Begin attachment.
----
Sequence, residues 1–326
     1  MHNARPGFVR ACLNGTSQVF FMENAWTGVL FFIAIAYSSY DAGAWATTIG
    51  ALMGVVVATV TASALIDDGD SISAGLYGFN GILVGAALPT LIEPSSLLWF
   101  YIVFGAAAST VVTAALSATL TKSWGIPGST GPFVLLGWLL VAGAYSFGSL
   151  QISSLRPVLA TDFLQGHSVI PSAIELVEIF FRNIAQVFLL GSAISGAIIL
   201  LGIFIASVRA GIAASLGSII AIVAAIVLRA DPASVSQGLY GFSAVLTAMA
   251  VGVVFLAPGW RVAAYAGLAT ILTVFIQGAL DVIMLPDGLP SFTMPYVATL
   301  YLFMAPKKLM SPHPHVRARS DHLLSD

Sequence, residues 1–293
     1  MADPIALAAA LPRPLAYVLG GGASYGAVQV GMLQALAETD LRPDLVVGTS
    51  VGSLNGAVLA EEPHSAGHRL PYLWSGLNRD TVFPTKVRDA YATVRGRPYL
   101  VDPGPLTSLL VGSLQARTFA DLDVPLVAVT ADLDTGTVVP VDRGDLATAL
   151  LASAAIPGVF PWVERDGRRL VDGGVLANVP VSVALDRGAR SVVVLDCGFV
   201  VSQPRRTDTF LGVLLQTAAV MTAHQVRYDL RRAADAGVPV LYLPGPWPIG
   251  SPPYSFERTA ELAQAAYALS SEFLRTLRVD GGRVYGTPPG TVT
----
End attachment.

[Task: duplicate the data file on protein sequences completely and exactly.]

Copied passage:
Sequence, residues 1–326
     1  MHNARPGFVR ACLNGTSQVF FMENAWTGVL FFIAIAYSSY DAGAWATTIG
    51  ALMGVVVATV TASALIDDGD SISAGLYGFN GILVGAALPT LIEPSSLLWF
   101  YIVFGAAAST VVTAALSATL TKSWGIPGST GPFVLLGWLL VAGAYSFGSL
   151  QISSLRPVLA TDFLQGHSVI PSAIELVEIF FRNIAQVFLL GSAISGAIIL
   201  LGIFIASVRA GIAASLGSII AIVAAIVLRA DPASVSQGLY GFSAVLTAMA
   251  VGVVFLAPGW RVAAYAGLAT ILTVFIQGAL DVIMLPDGLP SFTMPYVATL
   301  YLFMAPKKLM SPHPHVRARS DHLLSD

Sequence, residues 1–293
     1  MADPIALAAA LPRPLAYVLG GGASYGAVQV GMLQALAETD LRPDLVVGTS
    51  VGSLNGAVLA EEPHSAGHRL PYLWSGLNRD TVFPTKVRDA YATVRGRPYL
   101  VDPGPLTSLL VGSLQARTFA DLDVPLVAVT ADLDTGTVVP VDRGDLATAL
   151  LASAAIPGVF PWVERDGRRL VDGGVLANVP VSVALDRGAR SVVVLDCGFV
   201  VSQPRRTDTF LGVLLQTAAV MTAHQVRYDL RRAADAGVPV LYLPGPWPIG
   251  SPPYSFERTA ELAQAAYALS SEFLRTLRVD GGRVYGTPPG TVT